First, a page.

Proposed “diversity” requirements at NASDAQ promote division, not innovation

“NASDAQ recently proposed new diversity requirements for the corporate boards of companies listed on the exchange. ‘Successful companies must cultivate diversity to fuel innovation and to thrive in today’s era of ongoing environmental, social, and economic change,’ said TechNet President and CEO Linda Moore in support of the proposal.

The NASDAQ proposal arbitrarily determines that a minimum of two directors must be female, minority, or LGBT. The criteria are not linked in any meaningful way to the demographic profile of society; they merely reflect the do-gooder biases of NASDAQ executives and influencers.

Equality of opportunity could achieve the most diversity goals if the pools of candidates representing various identity groups had comparable qualifications. They seldom do, however, which has led to many forms of affirmative action. Such programs are typically zero-sum because they involve allocating a scarce resource, and in practice, they typically end up as exercises in political power and greasing the squeakiest wheels,” the City Journal reports.

The lack of “comparable qualifications” is at the heart of the failed affirmative action laws in educational institutions. The issue was whether a qualified candidate for admission into a university or college should be arbitrarily replaced with an unqualified applicant solely because of his race.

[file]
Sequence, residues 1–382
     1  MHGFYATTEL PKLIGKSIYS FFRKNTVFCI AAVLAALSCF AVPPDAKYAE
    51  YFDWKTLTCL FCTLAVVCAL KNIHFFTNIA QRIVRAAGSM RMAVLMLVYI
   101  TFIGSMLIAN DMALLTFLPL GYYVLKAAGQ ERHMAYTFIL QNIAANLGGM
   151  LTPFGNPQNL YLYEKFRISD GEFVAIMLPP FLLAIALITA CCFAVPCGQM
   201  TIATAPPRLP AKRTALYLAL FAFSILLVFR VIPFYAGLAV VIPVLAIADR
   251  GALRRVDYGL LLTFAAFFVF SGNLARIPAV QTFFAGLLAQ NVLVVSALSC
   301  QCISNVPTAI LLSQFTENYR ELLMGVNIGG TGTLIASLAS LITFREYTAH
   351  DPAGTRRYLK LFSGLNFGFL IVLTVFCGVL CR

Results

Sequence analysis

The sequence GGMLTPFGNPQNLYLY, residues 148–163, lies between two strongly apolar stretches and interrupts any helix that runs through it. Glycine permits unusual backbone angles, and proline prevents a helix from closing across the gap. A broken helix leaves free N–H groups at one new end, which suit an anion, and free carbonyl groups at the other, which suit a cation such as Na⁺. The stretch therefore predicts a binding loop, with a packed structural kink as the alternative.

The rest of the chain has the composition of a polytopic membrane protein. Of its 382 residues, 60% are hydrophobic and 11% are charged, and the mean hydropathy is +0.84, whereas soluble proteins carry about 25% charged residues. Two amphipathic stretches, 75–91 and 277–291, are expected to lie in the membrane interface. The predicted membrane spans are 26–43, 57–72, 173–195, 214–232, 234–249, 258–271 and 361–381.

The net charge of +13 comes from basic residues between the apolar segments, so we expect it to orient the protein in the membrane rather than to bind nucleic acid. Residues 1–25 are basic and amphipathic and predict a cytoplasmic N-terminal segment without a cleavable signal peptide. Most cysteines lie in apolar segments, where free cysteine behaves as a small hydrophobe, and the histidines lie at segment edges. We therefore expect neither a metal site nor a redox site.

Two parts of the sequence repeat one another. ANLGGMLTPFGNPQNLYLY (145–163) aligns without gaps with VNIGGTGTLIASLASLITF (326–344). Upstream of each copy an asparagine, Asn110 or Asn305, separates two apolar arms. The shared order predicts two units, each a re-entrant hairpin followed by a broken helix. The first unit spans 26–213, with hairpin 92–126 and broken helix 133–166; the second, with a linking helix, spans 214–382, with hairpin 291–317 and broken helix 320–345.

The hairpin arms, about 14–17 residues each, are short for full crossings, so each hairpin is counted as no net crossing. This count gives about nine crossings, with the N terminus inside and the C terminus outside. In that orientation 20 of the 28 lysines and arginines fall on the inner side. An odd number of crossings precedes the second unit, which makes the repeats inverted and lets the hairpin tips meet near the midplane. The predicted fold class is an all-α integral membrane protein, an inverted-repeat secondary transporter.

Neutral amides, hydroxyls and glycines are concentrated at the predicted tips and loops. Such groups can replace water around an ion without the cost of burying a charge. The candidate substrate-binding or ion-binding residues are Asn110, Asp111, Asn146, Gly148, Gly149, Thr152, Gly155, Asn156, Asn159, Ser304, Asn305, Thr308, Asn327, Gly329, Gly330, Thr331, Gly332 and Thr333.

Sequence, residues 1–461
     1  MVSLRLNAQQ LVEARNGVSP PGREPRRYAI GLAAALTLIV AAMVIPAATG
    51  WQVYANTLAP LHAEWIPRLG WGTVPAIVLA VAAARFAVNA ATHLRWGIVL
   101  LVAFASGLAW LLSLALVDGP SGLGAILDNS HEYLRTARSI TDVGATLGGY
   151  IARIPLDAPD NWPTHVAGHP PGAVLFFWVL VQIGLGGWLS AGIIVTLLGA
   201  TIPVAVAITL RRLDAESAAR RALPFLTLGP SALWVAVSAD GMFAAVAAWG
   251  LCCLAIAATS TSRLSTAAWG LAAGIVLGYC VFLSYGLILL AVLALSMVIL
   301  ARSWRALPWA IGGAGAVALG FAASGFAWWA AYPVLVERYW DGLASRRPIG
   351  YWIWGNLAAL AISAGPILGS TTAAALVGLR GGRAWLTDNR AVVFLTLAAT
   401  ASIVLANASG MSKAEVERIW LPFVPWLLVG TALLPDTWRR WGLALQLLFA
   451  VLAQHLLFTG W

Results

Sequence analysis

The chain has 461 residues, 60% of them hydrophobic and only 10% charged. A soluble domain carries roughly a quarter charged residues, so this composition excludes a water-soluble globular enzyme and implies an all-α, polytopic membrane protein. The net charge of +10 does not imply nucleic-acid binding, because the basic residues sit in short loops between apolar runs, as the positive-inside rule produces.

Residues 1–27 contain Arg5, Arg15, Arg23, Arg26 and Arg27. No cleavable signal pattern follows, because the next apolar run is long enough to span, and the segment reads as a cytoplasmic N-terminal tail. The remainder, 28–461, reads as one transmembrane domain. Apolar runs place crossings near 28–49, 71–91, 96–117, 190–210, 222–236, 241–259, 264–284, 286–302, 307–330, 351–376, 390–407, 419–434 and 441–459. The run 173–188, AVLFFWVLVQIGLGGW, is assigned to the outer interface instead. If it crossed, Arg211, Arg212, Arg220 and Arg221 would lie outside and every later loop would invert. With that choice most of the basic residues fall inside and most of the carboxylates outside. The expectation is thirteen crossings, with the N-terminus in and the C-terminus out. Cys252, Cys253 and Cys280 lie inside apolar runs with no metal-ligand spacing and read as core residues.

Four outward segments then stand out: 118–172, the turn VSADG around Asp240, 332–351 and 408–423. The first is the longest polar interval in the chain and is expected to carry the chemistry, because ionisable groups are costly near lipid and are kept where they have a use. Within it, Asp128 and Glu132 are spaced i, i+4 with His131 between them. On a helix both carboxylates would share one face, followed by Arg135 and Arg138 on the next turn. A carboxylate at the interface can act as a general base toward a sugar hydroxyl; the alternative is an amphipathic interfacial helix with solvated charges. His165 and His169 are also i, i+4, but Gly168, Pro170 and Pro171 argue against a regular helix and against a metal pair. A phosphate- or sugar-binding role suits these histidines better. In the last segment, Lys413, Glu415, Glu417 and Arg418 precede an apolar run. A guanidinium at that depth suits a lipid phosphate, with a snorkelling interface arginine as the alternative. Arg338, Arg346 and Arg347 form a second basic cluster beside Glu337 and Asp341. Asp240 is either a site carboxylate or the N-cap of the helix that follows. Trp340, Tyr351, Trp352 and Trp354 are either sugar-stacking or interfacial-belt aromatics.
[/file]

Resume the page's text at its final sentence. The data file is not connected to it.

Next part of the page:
As the Journal notes, there is a struggle being played “out at Harvard and Princeton, as groups representing prospective Asian students fight for merit-based admission policies rather than ones constrained by identity-based class composition. Even voters in liberal California have repeatedly backed merit over the years, rejecting a ballot initiative last month that would have effectively repealed a state ban on racial quotas passed in 1996”.

One of NASDAQ’s themes is:

“We are relentlessly reimagining the world of tomorrow one that is built on innovative technology, fueled by market-moving insights and driven by forward-thinking.” Alas, they reimagined and “woke” to the occasion– It must feel like a John Lennon concert at the headquarters. [emphasis added]

As Candice Owens declares in her book entitled Blackout, “Of the myriad of bad-faith systems put in place by our government to help blacks, there is none more verifiably useless, or more positively discriminatory, than the practice of affirmative action.”

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